Special Travel Circumstances in Bulgaria

Bulgaria is still largely a cash economy. Due to the potential for fraud and other criminal activity, credit cards should be used sparingly and with extreme caution. Skimming devices, surreptitiously attached to ATMs by criminals, are used to capture cards and PINs for later criminal use, including unauthorized charges or withdrawals, and are common in Bulgaria. If you choose to use credit cards, we recommend you use ATMs located in banks or malls as opposed to the more vulnerable locations on the street. You should check your account status regularly to ensure its integrity. In connection with such scams, be extremely wary of friendly bystanders near ATMs who offer assistance. Any time a card is not returned, you should immediately report the card as lost/stolen to the card-issuing company.

You may exchange cash at banks or Exchange Bureaus, but should know that Exchange Bureaus sometimes post misleading rate quotations that confuse travelers. People on the street who offer high rates of exchange are usually con artists intent on swindling unwary travelers. Damaged or very worn U.S. dollar bank notes are often not accepted at banks or exchange bureaus. Major branches of the following Bulgarian banks will cash travelers’ checks on the spot for Leva, the Bulgarian currency, or another desired currency: Unicredit Bulbank, Bulgarian Postbank, First Investment Bank, and United Bulgarian Bank (UBB). UBB also serves as a Western Union agent and provides direct transfer of money. There are also many Western Union branches in major towns and cities. Most shops, hotels, and restaurants, with the exception of the major hotels, do not accept travelers’ checks or credit cards. Only some local banks can cash U.S. Treasury checks and the payee may need to wait up to a month to receive funds.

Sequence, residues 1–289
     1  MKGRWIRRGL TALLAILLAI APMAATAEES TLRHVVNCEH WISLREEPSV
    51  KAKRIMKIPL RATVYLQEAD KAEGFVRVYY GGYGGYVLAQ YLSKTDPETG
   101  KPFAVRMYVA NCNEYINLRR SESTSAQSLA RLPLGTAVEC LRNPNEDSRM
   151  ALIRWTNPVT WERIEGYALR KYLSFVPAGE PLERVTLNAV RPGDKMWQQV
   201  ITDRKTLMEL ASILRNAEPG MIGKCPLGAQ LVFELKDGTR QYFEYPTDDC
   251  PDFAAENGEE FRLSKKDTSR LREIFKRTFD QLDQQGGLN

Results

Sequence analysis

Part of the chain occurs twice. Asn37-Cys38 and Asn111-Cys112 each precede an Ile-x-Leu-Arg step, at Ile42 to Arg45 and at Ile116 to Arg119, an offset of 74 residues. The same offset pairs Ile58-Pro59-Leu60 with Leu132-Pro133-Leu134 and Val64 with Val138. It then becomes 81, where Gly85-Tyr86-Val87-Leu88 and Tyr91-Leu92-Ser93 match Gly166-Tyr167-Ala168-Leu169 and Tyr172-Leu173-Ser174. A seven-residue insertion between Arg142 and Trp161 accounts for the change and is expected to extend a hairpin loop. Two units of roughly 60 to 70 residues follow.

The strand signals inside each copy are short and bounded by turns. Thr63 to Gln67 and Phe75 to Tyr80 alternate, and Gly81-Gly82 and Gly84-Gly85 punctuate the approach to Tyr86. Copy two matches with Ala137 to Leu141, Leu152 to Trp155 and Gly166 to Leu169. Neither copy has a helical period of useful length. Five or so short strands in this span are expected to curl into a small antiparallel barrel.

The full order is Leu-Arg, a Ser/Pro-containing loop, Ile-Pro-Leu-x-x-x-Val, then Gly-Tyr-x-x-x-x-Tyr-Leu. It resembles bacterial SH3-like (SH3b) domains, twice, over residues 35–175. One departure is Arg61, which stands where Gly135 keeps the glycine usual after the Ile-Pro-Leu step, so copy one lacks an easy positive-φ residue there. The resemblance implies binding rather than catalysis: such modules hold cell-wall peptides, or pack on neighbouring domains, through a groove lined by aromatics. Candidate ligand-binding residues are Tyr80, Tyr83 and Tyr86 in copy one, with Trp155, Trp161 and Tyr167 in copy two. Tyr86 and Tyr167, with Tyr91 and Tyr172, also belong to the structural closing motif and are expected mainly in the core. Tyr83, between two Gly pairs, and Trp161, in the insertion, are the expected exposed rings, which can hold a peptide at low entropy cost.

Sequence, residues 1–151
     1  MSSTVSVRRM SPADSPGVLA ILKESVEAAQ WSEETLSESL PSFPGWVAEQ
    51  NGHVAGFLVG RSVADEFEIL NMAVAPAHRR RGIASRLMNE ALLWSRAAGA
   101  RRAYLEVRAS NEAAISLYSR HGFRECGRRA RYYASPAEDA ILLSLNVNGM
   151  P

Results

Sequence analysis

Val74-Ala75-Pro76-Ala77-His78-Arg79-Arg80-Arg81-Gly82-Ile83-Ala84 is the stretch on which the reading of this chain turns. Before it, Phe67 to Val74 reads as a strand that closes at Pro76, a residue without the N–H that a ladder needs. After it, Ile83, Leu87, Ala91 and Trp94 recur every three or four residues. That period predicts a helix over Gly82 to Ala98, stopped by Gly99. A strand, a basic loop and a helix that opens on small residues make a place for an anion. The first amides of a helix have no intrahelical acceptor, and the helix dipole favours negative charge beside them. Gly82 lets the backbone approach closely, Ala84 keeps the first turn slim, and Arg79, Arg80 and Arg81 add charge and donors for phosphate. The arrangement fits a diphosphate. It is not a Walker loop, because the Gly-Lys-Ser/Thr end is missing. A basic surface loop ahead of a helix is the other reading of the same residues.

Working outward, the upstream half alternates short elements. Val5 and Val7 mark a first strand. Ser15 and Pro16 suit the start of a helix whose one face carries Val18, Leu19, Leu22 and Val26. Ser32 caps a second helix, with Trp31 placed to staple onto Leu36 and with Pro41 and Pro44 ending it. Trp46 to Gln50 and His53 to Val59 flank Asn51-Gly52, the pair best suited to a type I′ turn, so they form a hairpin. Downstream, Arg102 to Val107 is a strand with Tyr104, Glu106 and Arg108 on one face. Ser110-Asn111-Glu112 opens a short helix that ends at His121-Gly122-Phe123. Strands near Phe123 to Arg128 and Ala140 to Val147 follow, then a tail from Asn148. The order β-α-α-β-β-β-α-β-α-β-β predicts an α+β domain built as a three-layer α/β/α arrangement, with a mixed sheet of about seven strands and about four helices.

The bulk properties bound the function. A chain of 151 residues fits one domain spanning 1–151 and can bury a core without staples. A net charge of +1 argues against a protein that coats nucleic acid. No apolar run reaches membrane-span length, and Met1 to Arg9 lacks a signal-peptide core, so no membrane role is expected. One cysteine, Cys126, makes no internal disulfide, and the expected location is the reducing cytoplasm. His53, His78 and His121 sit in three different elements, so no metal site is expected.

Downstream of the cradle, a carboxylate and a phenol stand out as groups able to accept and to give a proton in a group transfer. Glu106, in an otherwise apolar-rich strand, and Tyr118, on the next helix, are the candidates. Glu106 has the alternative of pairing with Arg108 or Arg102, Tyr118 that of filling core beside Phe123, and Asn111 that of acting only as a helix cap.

Corruption remains an important concern of the Bulgarian government. The Commission for Coordinating of the Activity for Combating Corruption manages the efforts of each government agency’s internal inspectorate in fighting public corruption and engages in public awareness campaigns. Complaints of public corruption can be made by mail to the Ministry of Finance, 2A Knyaz Dondukov Blvd., 1055 Sofia, Bulgaria and 1 Slavyanska St., 1000 Sofia, 359 2 987 06 97; or to the Ministry of Finance by phone at 080018018. For more information, visit the Ministry of Justice website.

If you are planning to import an automobile to Bulgaria, be aware that customs duties on personal automobiles can be high.


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2019 edition